SOC Report Types

In addition to the three reports, there are also two main report types.

Type I is a snapshot of the security and data practices from a specific point in time. Many organizations will complete a Type I report while they await the completion of their longer Type II audit.

Type II assesses the same details as Type I, but over an extended period of time. Generally this is 6-12 months. As a side effect of the longer assessment, a Type II report can also measure how effective the system is at securing the data—as it has greater insight into the operations over time.

Both SOC 1 and SOC 2 can have Type I and Type II reports. SOC 3 however is always Type II and does not have a Type I option.

Which report should you look for when choosing a provider?

As we mentioned earlier, SOC 2 is the most commonly requested report. When assessing vendors for your API and SaaS needs, start by seeing if they have a SOC 2 Type II available. This information and any other certifications can often be found on a company’s Security and Compliance pages of their website. If they don’t have either, reach out to their sales department to request a report.

This will give you not only the assurance they are putting security at the forefront of their offerings, but it also allows you to learn more about the specific controls tested by the auditor during the audit process. If a SOC 2 Type II report has yet to be completed, the vendor may offer a SOC 2 Type I as they await completion of the Type II audit.

If your company deals with financial data that may be moving through the API provider’s services, you may want to request a SOC 1 report as well. This could include organizations that deal with things like payroll processing, credit or loan services, and FinTech in general.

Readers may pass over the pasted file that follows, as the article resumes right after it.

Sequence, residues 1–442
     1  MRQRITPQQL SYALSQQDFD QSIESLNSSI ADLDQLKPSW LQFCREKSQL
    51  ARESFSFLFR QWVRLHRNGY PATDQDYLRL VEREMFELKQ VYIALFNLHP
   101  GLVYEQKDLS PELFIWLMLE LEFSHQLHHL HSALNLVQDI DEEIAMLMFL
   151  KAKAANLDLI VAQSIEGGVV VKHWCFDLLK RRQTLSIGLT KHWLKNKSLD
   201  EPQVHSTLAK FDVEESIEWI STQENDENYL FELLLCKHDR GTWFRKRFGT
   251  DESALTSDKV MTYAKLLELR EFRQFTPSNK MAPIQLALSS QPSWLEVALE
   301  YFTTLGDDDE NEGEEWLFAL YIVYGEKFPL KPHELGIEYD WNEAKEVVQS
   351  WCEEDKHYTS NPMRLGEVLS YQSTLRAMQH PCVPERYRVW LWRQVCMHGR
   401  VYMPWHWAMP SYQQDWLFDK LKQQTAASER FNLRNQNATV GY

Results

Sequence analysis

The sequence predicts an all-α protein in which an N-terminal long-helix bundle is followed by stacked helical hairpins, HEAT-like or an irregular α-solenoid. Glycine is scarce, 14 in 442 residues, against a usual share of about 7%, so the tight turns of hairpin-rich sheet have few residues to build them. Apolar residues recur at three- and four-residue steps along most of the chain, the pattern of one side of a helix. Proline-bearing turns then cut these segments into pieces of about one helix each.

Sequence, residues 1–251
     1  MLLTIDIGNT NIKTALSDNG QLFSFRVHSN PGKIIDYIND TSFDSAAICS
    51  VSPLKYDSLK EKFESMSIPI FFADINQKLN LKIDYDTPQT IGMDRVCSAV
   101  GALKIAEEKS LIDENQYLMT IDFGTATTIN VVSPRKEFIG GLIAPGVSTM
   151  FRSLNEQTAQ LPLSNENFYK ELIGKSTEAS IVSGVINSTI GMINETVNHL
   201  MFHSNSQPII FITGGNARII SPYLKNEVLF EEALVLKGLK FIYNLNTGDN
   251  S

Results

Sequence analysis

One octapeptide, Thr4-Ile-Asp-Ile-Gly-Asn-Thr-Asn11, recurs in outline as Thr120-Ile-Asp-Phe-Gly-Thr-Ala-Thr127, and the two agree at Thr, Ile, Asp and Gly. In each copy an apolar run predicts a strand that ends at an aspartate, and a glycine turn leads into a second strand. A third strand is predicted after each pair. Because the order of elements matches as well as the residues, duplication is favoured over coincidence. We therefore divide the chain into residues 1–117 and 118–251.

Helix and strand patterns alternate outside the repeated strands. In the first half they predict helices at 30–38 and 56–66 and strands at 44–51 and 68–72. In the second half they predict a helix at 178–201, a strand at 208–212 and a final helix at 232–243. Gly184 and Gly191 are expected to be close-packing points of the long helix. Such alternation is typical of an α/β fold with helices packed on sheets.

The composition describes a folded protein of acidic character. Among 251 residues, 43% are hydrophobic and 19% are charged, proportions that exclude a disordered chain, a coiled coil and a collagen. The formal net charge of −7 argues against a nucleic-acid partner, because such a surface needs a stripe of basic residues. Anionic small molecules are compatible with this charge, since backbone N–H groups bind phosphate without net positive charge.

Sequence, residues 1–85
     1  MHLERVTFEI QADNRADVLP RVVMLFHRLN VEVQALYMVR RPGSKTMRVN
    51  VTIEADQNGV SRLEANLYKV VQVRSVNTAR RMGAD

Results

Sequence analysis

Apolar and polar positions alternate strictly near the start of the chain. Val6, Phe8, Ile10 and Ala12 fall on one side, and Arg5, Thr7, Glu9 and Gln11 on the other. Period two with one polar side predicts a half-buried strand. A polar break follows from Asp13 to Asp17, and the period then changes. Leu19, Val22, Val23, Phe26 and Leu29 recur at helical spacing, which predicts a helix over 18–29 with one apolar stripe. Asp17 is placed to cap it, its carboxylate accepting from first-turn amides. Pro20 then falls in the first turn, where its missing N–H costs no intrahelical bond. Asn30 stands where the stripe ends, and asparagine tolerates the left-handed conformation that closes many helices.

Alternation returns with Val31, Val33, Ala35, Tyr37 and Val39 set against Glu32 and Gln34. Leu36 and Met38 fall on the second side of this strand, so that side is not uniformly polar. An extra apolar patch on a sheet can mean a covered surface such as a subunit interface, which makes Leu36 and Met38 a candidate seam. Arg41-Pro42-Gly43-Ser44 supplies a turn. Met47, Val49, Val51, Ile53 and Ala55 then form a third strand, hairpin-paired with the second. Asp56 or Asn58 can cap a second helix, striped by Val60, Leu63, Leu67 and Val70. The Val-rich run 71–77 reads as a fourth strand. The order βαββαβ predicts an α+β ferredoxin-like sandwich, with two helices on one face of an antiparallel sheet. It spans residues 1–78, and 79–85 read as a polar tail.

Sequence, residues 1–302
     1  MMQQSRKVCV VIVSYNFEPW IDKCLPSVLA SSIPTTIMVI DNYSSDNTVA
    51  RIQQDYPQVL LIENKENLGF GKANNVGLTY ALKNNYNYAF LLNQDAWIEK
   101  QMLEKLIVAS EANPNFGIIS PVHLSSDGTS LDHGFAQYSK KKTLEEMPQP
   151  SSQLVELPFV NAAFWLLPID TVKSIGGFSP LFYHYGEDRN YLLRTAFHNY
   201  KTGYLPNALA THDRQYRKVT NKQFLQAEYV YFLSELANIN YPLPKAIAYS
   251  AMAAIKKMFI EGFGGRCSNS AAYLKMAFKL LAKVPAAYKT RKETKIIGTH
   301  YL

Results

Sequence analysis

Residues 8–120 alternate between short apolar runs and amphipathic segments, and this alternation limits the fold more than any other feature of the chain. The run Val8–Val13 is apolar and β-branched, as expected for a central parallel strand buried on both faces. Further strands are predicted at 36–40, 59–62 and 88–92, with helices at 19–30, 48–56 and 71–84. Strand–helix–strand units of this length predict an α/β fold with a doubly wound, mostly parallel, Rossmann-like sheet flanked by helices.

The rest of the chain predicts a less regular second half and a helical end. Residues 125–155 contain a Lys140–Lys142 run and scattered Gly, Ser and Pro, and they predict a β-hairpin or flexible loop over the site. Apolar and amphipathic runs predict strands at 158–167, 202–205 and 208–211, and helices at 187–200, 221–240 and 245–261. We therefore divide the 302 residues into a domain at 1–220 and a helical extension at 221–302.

How do you benefit from using a SOC audited API provider?

A SOC report is a competitive advantage for many companies. As a customer, it tells you the API or SaaS service provider has taken the steps to ensure their security and data infrastructure are well established. Furthermore, it says they are confident enough in their systems they are willing to have a third party come in and audit their processes.

The greatest benefit is in assurance. An audit normally asserts that anything they say in their privacy policy and terms is accurate. You can take them at their word that data is handled in the way it is described. No more hoping a provider’s privacy policy isn’t copy-pasted from a past startup.

Further steps to keep your API risks low

Whether you limit your API provider choices to those with certain compliance minimums—or simply start paying closer attention to the certifications each provider has—keeping track of your APIs and how they manage data is an important part of keeping your business risks low. Each new API you add has the potential to become a shadow API. By governing and monitoring the APIs your teams use, you can avoid downtimes, performance problems, and even your own compliance and regulatory issues.

At Bearer, we’re building solutions to help with this. Schedule a Demo to see how we can bring confidence to your API usage.